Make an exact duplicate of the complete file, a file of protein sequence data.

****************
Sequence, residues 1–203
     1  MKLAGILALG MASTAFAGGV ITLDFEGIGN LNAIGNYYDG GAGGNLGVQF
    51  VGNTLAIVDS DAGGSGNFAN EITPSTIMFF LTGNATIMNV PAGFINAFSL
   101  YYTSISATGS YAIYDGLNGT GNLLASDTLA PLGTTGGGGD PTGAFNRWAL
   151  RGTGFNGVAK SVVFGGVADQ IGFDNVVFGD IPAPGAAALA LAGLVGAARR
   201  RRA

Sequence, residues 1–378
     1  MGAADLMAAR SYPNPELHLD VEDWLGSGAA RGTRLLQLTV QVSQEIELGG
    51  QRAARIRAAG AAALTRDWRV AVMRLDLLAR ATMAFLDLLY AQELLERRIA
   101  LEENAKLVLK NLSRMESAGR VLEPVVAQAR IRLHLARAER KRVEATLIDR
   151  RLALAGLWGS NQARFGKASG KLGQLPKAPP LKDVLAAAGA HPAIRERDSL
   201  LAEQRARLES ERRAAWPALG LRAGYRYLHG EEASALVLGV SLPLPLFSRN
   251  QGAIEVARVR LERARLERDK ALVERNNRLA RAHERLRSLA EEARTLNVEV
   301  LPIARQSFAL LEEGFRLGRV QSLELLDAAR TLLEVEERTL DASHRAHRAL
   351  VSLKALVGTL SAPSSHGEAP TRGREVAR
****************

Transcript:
Sequence, residues 1–203
     1  MKLAGILALG MASTAFAGGV ITLDFEGIGN LNAIGNYYDG GAGGNLGVQF
    51  VGNTLAIVDS DAGGSGNFAN EITPSTIMFF LTGNATIMNV PAGFINAFSL
   101  YYTSISATGS YAIYDGLNGT GNLLASDTLA PLGTTGGGGD PTGAFNRWAL
   151  RGTGFNGVAK SVVFGGVADQ IGFDNVVFGD IPAPGAAALA LAGLVGAARR
   201  RRA

Sequence, residues 1–378
     1  MGAADLMAAR SYPNPELHLD VEDWLGSGAA RGTRLLQLTV QVSQEIELGG
    51  QRAARIRAAG AAALTRDWRV AVMRLDLLAR ATMAFLDLLY AQELLERRIA
   101  LEENAKLVLK NLSRMESAGR VLEPVVAQAR IRLHLARAER KRVEATLIDR
   151  RLALAGLWGS NQARFGKASG KLGQLPKAPP LKDVLAAAGA HPAIRERDSL
   201  LAEQRARLES ERRAAWPALG LRAGYRYLHG EEASALVLGV SLPLPLFSRN
   251  QGAIEVARVR LERARLERDK ALVERNNRLA RAHERLRSLA EEARTLNVEV
   301  LPIARQSFAL LEEGFRLGRV QSLELLDAAR TLLEVEERTL DASHRAHRAL
   351  VSLKALVGTL SAPSSHGEAP TRGREVAR